Hero at the Fall (Rebel of the Sands #3)

Hero at the Fall

Rebel of the Sands (#1)
Traitor to the Throne (#2)

Amani is caught behind the Sultan’s fiery dome with the rest of her small army. Ahmed and their other leaders have been captured and transported outside of the city, and out of reach of their rescue efforts. She, Jin, and the rest must find a way out of the city without being burned by the dome, reunite with their leaders, rekindle the rebellion, and march on the city to dethrone the Sultan.

Amani is still having trouble with her sand powers after being attacked and operated on by the Sultan in Traitor to the Throne. She can use them, but it causes pain in her side which limits how much power she can access and for how long. Luckily she has no problem using a gun, and her skills get them out of quite a few scrapes.

In this book, the Djinni play a much larger role. We meet an ancient Djinni that has been imprisoned by his kin, and because Amani frees him he agrees to help her find and free her friends and to help their rebellion succeed. She kind of knows that he must have ulterior motives, as all Djinni tend to do, but her need to see Ahmed through to the throne is greater than her suspicions.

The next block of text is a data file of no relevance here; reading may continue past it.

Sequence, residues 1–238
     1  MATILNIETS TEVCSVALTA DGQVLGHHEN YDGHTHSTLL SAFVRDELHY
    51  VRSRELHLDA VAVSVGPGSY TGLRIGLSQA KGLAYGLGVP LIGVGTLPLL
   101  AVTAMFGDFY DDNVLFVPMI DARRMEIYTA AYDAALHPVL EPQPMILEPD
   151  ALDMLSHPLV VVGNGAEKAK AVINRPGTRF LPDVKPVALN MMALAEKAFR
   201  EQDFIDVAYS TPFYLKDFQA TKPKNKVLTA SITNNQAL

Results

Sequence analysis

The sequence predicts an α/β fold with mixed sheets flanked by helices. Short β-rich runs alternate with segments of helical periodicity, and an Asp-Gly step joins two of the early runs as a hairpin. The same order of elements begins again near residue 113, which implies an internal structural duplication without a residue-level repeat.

I waited a very long time to read this book after finishing Traitor to the Throne in March of this year (2018), but the story has been so wonderfully and vividly told all along that picking it up after that long of a break was not a problem at all.  Hamilton continues with the political complexity – this isn’t just a barge in and take over rebellion. Ahmed has concerns and worries, and takes the time to consider how things will change and what should stay the same once they remove the Sultan from power. He consults with all members of his leadership team to make sure he’s making the right choices. This is a compelling theme in this trilogy and is missing from many other “save the world” type narratives.